I have a plus on my side by the fact of being Portuguese. Almost nowbody knows Bukowski here in Portugal, so its like he is my unkown literary GOD. I can almost fool myself on thinking that I'm discovering Bukowski. In Brasil (they also speak portuguese) Bukowski is very famous but I have had a look to their translations and that's like painting a chicken to look like an eagle. It just shouldn't be allowed. Fortunatly I can read in english but its too bad that are people that just know Bukowski from their petty, horrible, turd-like translations.

Well, and now comes the main reason why I joined this fine community of Buk followers. I'm now reading the "Selected Letters: v.1 1958-1965" and (in the timeline) Buk was the Outsider of the Year. I have seen some posts here in the forum that some of you have read /or possess such a beauty... The Outsider #3. Wow. I have to scratch myself by just thinking about it. Nowadays those magazines are almost impossible to find, see or buy. Even more here in my small country.
I have been in the mindblowing collectingbukowski.com to see if he had the scans of the entire magazine. But he just as the cover. Does any of you have the scans? Sorry about asking for it like this. But as Bukowski fans yourselfs I think that you can understand my intense and almost sickened curiosity in reading any of the Outsiders but especially the #3.
It is horrible for me to think that I will never be able to read it. Hope you understand me. If I were a wealthy man I would just buy them no matter how much they ask for it. But I am not. My wealth is only in the soul. And at the time I really really feel the need of reading the Outsiders. I know that I will not be able to feel and smell the paper but at least I want to be able to see the beautiful art work and read the beautiful lines written there. I know you guys understand me, that is why I'm asking you.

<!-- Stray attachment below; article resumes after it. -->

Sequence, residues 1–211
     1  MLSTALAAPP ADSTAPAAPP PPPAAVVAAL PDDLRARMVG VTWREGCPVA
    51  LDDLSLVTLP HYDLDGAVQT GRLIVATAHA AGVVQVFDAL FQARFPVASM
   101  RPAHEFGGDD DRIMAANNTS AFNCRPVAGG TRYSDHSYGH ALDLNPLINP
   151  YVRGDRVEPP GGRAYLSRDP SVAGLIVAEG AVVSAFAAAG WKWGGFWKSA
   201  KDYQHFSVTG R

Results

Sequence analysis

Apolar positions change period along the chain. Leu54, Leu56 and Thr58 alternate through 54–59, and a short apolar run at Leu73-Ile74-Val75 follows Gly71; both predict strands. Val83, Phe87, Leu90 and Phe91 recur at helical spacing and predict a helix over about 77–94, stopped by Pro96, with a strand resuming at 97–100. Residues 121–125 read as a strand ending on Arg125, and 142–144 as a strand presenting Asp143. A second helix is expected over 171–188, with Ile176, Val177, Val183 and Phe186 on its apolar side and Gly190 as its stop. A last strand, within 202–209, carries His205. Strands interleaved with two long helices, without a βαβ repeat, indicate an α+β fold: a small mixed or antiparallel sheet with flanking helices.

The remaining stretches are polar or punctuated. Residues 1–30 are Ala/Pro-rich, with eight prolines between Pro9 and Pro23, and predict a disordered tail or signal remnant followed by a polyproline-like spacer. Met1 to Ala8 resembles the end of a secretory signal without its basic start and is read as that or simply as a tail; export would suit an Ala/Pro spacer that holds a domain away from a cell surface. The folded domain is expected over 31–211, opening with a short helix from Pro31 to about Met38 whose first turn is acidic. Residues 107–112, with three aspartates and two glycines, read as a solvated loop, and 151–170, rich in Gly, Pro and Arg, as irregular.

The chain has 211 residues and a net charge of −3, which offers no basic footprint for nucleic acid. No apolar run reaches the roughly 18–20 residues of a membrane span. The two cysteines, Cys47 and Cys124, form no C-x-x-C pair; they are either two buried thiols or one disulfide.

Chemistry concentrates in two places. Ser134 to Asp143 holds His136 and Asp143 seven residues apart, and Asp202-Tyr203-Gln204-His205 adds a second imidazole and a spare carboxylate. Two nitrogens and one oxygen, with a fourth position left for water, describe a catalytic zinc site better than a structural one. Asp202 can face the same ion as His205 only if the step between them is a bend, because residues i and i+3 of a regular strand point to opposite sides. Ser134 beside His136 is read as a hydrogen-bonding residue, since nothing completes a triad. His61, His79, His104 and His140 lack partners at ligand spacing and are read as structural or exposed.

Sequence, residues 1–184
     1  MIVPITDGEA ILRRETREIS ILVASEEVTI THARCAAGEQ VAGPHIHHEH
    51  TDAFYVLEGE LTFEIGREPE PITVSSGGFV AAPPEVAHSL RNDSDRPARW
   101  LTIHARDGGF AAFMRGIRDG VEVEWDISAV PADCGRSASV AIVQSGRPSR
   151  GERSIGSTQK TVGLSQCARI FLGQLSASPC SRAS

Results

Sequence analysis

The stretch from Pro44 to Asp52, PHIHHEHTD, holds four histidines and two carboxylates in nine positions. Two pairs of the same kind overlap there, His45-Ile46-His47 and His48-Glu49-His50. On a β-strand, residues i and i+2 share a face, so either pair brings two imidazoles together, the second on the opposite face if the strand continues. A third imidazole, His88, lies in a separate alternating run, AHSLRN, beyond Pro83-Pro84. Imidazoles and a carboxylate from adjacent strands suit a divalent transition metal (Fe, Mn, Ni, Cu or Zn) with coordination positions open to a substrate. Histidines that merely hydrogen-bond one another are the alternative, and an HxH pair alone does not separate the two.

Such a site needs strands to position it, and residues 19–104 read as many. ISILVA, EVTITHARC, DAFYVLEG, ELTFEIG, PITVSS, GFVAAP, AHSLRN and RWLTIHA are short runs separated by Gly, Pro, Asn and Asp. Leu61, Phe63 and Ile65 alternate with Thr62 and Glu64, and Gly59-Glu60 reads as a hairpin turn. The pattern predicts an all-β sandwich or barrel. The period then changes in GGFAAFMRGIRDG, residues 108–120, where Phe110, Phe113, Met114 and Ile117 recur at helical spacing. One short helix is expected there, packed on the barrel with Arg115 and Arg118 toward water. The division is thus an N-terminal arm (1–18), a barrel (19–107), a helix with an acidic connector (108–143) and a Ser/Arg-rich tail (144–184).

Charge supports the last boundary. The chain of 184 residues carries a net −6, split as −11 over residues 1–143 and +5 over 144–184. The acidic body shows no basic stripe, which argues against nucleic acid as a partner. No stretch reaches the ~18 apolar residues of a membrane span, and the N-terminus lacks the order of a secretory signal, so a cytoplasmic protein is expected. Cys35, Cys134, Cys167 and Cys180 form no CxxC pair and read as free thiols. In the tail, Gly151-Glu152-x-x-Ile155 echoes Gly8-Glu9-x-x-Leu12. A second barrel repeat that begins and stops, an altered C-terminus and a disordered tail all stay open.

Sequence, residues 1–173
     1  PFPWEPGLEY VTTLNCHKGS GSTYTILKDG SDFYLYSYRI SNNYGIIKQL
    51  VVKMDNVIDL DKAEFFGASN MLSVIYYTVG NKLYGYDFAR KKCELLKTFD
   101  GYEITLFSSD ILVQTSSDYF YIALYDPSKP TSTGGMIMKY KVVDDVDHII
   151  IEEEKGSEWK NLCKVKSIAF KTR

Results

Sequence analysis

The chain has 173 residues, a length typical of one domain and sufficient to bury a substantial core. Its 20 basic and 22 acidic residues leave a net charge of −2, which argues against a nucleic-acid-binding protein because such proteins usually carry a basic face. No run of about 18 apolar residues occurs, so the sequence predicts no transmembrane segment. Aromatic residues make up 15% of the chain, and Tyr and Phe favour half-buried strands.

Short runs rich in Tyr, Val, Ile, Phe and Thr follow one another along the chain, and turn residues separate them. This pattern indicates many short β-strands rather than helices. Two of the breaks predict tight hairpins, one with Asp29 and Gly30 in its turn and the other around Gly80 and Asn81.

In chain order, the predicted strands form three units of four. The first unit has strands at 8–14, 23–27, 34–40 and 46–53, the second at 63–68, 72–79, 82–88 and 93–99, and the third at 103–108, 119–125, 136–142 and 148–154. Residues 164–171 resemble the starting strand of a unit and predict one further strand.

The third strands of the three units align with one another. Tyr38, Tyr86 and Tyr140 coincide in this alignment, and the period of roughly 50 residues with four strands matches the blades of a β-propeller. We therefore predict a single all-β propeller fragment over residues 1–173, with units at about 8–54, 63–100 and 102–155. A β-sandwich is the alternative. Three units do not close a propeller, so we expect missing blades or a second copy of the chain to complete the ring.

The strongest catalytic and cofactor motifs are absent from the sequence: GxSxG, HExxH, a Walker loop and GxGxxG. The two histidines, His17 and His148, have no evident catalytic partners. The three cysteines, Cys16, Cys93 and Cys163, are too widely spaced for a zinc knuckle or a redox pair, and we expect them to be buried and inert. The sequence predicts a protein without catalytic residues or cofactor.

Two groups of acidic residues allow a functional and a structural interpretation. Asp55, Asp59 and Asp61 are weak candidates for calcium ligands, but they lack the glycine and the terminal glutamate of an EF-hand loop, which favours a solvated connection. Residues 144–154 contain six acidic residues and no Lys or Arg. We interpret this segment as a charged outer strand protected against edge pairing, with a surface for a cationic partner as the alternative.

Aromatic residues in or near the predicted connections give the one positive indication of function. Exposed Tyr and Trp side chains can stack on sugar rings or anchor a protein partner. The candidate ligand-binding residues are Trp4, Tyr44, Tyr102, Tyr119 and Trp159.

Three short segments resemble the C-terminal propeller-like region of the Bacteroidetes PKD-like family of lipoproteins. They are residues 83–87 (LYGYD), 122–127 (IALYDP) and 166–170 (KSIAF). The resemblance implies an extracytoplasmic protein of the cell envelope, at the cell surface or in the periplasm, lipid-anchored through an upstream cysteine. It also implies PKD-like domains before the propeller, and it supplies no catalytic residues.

My email is: [removed]
Just in case I'm writing this in the wrong post or in case any of you brave-drinking-kind souls want to ease my pain with the Outsider.

I say goodbye now and will drink one for you!

Cheers,
Ed Tinto
Porto, Portugal
 
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mjp

Founding member
...but I have had a look to their translations and that's like painting a chicken to look like an eagle....
Or painting an eagle to look like a chicken.

In any event, congratulations on the longest first post in history.

---

You are unlikely to find scans of the inner pages of an Outsider issue because those things are very fragile. If you opened it flat enough to scan you would break the spine. The horse glue they used is old and brittle.
 

Gerard K H Love

Appreciate your friends
Much in the style of Poptop you do have a lot of words there. Welcome, I can see we will know what's on your mind. Nice first post, you should publish it.